The Magician’s Nephew

Tamara is reading through C.S. Lewis’s The Chronicle’s of Narnia and came across this passage that I marked years ago in The Magician’s Nephew.

We must go back a bit and explain what the whole scene had looked like from Uncle Andrew’s point of view.  It had not made at all the same impression on him as on the Cabby and the children.  For what you see and hear depends a good deal on where you are standing: it also depends on what sort of person you are.

What Lewis is talking about here is what philosophers call “perspectivalism.”  Put simply, our subjective experience or perspective is radically unique – regardless of seeing the same objective things as others.  In common conversation we say things like, “from my point of view,” or, “until you walk a mile in his shoes…” etc.

The book of Proverbs counsels us that “the first to present his case seems right, till another comes forward and questions him.”  It seems, however, that perspectivalism is often forgotten and neglected.  The less we introspect and the less we dialogue at a meaningful level in society, the more we forget that there are two sides to every story and that our point of view is hopelessly stilted to our own experience and perspective.

Insight, knowledge, wisdom and discernment help us understand perspectives.  Folly, ignorance, complacency and simplicity turn the grey hues into black and white categories.

Does this matter?

I think it is a matter of tremendous importance!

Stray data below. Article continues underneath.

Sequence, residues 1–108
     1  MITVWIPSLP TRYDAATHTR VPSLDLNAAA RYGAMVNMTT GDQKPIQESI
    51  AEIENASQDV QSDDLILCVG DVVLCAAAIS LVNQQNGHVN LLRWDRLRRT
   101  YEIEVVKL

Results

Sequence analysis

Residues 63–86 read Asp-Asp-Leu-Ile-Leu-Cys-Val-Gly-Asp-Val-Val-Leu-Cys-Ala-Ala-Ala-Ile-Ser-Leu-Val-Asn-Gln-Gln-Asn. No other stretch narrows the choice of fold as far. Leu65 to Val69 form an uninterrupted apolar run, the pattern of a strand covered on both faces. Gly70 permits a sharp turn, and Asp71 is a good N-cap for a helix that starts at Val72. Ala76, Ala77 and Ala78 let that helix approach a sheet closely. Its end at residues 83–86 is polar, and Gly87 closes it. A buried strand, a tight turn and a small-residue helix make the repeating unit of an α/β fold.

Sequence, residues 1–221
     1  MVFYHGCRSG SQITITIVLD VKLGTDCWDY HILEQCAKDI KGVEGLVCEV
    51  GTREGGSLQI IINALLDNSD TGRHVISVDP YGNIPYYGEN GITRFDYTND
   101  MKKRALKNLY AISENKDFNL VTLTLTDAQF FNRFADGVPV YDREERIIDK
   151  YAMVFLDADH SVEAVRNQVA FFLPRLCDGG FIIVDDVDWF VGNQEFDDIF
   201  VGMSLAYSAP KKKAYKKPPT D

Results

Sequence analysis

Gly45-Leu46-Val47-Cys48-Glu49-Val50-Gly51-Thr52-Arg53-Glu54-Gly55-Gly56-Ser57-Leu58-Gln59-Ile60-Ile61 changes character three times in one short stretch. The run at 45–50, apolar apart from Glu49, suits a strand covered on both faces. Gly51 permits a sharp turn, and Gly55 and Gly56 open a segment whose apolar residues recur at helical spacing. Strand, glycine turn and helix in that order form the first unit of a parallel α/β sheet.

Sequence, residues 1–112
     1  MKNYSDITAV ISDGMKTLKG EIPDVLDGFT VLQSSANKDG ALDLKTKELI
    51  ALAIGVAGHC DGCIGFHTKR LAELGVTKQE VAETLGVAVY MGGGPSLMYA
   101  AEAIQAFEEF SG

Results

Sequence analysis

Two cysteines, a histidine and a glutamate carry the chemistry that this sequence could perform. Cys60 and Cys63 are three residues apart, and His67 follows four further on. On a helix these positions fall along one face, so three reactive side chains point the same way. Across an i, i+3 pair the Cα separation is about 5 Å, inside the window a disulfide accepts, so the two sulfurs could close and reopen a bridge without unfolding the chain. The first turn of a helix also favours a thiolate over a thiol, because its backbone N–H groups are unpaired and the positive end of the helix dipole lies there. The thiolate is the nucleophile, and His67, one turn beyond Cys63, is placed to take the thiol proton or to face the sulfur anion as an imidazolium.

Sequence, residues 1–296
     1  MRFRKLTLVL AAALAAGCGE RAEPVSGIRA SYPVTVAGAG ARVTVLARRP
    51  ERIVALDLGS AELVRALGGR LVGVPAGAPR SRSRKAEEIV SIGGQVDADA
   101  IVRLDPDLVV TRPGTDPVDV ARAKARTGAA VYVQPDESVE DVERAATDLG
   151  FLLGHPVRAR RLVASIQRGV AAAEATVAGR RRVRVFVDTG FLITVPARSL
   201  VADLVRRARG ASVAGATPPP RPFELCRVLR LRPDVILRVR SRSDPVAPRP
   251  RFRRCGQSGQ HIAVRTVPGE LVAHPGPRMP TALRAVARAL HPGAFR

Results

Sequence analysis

Spiritual dialogue and truth require the capacity to separate out or see our own heart, motives and lack of understanding.  Spiritual dialogue, in the prophet’s words and later echoed by Jesus, requires that we have eyes to see and ears to hear.  In short, it requires that we are able, in some small fashion, to see a reality outside the bubble of our perspective.

Lewis returns to this theme later in the Chronicle’s when Aslan, the figure of Christ personified in a Magnificent Lion, says, “But I cannot tell that to this old sinner, and I cannot comfort him either; he has made himself unable to hear my voice.  If I spoke to him, he would hear only growlings and roarings.  Oh Adam’s sons, how cleverly you defend yourselves against all that might do you good!”

My greatest fear for American Christianity and for Antioch, is that we have hidden ourselves in comfort and experience and will push back on anything – even truth, if it threatens to change the environment inside our cocoons.

Have we lost the capacity to see ourselves critically enough to realize when Reality is speaking?

Do we have eyes to see and ears to hear?

Do we have the stomach for the Prophet’s words?

(C.S. Lewis at his home, “The Kilns,” in Headington Quarry, England)



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